This is a translated repost from an older review.
I can start out by saying that this game is much cooler (and weirder) than I ever imagined. At first, I thought this was the unholy offspring of an improbable union between Kratos and some chick from Guitar Hero (or two chicks, for those of you who remember a certain minigame from the first God of War). In other words, a really crazy mix. But I ended up finding out that instead of that, Tim Schafer decided putting one teacup God of War, one teacup Guitar Hero, and three teaspoons Starcraft in the game. And it actually turned out nicely. Crazy as hell, but nicely.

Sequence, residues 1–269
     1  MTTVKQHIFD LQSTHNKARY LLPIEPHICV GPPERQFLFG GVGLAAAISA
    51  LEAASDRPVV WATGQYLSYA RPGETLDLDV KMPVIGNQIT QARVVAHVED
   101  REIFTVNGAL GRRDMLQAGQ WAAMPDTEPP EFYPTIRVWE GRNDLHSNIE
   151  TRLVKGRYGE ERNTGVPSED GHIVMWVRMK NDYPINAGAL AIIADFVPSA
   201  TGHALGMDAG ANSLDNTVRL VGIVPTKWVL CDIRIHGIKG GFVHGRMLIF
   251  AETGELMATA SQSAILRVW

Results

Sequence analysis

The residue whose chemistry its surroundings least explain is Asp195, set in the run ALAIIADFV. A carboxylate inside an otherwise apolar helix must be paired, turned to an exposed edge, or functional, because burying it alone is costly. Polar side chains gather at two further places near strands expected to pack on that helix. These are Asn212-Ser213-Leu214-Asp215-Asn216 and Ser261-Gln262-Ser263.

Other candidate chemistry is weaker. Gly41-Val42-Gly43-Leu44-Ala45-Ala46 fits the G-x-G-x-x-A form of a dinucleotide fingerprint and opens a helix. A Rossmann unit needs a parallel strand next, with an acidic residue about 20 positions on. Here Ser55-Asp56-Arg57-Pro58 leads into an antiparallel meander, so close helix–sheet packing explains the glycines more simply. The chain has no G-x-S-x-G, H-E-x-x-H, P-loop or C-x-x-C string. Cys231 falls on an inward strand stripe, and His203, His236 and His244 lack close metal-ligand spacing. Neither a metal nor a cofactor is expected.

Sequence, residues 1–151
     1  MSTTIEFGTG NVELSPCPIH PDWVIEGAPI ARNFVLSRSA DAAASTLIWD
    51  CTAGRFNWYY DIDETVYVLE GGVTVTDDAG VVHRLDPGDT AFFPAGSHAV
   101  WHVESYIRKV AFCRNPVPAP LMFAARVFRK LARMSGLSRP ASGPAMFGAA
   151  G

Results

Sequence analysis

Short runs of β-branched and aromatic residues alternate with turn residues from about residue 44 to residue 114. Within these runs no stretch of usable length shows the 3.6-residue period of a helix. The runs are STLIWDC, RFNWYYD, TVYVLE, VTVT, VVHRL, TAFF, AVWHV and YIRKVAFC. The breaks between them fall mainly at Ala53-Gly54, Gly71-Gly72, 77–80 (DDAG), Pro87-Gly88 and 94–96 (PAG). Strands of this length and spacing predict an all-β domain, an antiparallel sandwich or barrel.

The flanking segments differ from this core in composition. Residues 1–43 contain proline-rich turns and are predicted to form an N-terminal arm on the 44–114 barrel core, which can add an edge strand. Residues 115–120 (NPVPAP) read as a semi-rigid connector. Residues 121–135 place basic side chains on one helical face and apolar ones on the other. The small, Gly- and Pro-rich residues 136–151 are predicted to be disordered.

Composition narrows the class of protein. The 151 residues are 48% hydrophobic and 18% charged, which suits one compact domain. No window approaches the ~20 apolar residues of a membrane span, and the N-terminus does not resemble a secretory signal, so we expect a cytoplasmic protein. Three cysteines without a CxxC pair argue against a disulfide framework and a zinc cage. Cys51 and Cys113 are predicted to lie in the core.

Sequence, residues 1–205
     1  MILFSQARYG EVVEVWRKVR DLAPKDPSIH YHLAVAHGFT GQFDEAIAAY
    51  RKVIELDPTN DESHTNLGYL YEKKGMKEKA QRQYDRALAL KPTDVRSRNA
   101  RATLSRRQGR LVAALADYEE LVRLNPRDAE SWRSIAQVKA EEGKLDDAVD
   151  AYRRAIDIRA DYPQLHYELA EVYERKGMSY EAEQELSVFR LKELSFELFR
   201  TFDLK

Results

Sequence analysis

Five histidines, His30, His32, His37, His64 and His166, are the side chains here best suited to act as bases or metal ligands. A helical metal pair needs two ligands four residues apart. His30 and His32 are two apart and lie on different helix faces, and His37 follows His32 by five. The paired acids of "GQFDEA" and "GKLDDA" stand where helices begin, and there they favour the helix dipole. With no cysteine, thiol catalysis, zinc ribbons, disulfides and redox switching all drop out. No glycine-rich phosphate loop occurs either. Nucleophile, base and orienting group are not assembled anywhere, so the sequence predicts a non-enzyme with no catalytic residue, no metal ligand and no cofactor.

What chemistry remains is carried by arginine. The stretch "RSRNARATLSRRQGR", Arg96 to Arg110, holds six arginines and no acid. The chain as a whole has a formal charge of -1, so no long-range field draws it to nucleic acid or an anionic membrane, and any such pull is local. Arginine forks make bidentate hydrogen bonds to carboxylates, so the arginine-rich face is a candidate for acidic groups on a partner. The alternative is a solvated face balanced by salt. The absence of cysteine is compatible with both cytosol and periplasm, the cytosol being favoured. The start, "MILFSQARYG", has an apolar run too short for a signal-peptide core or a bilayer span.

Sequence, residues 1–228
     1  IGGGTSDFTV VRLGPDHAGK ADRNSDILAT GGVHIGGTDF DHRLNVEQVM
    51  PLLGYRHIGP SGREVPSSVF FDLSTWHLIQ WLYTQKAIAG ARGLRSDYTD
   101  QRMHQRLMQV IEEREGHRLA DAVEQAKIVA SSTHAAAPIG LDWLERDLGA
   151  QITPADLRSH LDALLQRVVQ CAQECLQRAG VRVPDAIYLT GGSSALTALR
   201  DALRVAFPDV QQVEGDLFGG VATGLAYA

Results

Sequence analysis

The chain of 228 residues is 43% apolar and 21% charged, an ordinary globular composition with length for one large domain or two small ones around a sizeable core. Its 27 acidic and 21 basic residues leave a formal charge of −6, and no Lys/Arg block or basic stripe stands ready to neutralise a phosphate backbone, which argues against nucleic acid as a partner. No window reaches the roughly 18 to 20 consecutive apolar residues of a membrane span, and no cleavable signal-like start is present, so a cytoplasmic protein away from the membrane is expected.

I won’t actually hold myself back too much: I didn’t like it for the gameplay, exactly. The addition of Real Time Strategy elements, in a much more literal way than most RTS’s (as you are in the battle field, and to give out orders, you have to be relatively close to your “soldiers”) is quite peculiar. And the whole “battle of the bands” mechanics play out interestingly enough, taking a traditional rock concept and turning it into gameplay. But that’s not the biggest attraction here: the stage is dominated by the language, the presentation, and the story itself. Those thrilled me, moved me, and got me incredibly stuck into the game. And that’s what I’ll focus on.